Homeland Challenge 16 x 38 Oil $6,800
Waves In the Grass 11 x 28 Oil $3,800
Quiet Time - 6 x 9 Oil $1,100
Winter Winds 21 x 32 Oil $5,800
A Sound Breeze 24 x 11 Oil $3,600
Nothing But A Breeze 26 x 36 Oil $8,500
Rod Frederick's paintings capture the timelessness of nature. In addition to his peaceful views of animals in their natural habitats, he is also known for his paintings in many different size and shapes - each chosen to best suit his perfectly balanced images of wildlife and wilderness. Although he depicts the present in his work, there is the sense that the scene is just as it was one hundred years ago in the hope that it will forever remain the same. “Often,” he says, “I'll look for a particular species and what I'll see is something totally unexpected. The unpredictability of seeing animals in the wild is as exciting as actually seeing them - it's what I call planned unpredictability. And when you do see what you've planned, it's serendipity. I get as excited about seeing common species as I do seeing new ones, and every time I think I can predict how a species will act, something else happens”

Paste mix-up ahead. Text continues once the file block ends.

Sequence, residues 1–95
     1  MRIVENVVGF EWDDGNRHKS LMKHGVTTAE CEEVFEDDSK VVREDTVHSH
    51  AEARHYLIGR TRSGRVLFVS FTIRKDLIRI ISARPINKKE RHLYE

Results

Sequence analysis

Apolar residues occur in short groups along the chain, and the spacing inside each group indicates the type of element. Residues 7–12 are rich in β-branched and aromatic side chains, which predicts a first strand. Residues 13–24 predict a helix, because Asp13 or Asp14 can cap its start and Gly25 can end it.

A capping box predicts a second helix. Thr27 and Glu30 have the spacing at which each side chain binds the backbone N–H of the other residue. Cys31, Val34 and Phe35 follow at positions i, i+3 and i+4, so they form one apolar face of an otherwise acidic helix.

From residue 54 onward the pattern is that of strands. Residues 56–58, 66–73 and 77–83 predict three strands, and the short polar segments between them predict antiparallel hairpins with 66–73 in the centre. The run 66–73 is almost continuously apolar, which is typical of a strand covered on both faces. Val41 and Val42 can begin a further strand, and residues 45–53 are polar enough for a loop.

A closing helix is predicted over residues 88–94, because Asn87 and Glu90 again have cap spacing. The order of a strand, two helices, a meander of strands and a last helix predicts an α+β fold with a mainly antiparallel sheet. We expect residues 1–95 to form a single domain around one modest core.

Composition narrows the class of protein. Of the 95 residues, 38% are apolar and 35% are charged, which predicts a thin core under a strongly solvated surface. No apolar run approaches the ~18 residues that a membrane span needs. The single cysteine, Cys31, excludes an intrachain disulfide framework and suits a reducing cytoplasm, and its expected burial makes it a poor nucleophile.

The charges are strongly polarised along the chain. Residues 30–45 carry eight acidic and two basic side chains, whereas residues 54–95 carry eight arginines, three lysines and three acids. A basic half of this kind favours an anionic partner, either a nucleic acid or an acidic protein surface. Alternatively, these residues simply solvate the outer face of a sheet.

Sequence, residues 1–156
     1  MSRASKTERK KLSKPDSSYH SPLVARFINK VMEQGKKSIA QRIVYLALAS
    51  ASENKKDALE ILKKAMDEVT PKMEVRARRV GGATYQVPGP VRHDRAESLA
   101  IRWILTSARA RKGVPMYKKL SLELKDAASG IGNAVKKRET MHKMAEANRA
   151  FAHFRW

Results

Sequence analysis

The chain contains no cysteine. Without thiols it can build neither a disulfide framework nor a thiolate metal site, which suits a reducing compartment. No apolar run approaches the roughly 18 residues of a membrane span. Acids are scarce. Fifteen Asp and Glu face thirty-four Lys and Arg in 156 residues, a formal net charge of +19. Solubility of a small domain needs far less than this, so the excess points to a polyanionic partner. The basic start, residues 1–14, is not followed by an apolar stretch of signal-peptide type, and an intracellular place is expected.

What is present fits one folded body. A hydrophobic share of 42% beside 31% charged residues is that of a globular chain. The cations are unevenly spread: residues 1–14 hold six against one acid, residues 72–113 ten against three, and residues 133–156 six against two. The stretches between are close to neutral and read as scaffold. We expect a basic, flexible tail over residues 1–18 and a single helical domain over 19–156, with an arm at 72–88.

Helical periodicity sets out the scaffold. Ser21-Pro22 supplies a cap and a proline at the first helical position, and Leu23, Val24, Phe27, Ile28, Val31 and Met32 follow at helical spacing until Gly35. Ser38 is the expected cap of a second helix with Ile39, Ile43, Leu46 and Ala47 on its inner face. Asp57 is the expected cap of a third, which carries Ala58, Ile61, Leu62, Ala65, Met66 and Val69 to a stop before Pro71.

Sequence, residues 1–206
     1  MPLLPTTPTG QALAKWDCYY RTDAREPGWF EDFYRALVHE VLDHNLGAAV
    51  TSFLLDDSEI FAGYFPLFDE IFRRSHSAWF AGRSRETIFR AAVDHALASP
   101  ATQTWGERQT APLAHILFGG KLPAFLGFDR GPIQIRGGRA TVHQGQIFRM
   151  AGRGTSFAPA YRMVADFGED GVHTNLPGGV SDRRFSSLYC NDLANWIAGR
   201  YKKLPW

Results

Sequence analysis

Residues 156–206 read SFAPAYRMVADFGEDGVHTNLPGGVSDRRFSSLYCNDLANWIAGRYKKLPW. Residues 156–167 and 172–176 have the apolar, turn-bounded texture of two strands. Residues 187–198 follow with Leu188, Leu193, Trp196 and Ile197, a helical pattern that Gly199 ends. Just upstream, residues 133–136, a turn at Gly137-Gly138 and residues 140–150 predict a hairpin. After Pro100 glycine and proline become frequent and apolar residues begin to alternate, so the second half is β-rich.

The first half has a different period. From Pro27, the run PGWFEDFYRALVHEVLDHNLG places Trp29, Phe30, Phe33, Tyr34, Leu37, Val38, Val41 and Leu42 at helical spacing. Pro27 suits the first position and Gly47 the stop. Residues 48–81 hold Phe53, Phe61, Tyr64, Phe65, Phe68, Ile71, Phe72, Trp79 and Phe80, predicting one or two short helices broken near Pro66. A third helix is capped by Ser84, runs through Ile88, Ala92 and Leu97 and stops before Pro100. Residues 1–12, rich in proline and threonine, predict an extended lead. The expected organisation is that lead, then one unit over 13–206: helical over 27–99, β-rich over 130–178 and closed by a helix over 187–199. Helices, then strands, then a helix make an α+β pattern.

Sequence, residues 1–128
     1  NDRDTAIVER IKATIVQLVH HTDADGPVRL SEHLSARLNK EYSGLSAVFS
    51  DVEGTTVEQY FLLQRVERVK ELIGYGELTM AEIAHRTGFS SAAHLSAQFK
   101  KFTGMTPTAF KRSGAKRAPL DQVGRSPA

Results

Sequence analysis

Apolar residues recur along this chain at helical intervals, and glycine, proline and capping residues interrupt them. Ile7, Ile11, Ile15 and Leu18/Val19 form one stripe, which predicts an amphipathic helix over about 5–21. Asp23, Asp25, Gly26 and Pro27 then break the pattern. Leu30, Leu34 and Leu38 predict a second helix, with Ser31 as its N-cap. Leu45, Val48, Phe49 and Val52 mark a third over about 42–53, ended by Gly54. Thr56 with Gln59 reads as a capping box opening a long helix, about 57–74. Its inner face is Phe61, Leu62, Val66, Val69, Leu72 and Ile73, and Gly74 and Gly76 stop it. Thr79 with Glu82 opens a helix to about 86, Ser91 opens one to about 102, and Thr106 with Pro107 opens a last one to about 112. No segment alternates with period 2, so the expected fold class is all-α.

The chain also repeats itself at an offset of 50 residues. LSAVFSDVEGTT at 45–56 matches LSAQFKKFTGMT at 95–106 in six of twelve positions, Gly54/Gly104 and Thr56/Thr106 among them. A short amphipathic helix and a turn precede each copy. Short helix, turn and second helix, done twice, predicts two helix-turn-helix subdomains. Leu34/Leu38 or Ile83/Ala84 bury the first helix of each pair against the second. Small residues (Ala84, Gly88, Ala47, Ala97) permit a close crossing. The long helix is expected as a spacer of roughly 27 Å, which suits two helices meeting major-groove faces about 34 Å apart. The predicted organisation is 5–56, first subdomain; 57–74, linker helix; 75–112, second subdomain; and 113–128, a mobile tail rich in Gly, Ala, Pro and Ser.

Frederick's fascination with animals stems from his childhood. His parents took their four children camping, an activity that was enjoyable and inexpensive for the young family. Frederick always liked being outdoors where he could hike and climb. When he was a second-grader, he was given a copy of the late Roger Tory Peterson's Field Guide to the Birds. Inspired by Peterson's enthusiasm for nature and the outdoors, Frederick used the Field Guide on his outings with his family. The appreciation he developed for the wilderness early in his life has never waned; it has continually intensified. He finds that when he's painting, he can't wait to get back into the wilderness to observe animals. When he's outside, surrounded by nature, he's anxious to get back to his studio so he can paint it. Always ready to travel, Frederick wants to see Australia, paint a jaguar and a tiger in the wild, visit New Guinea and return to Africa. Never at a loss for ideas, he feels there is not enough time to paint them all. About halfway through a painting, he is already looking forward to the next one, like a child waiting for Christmas.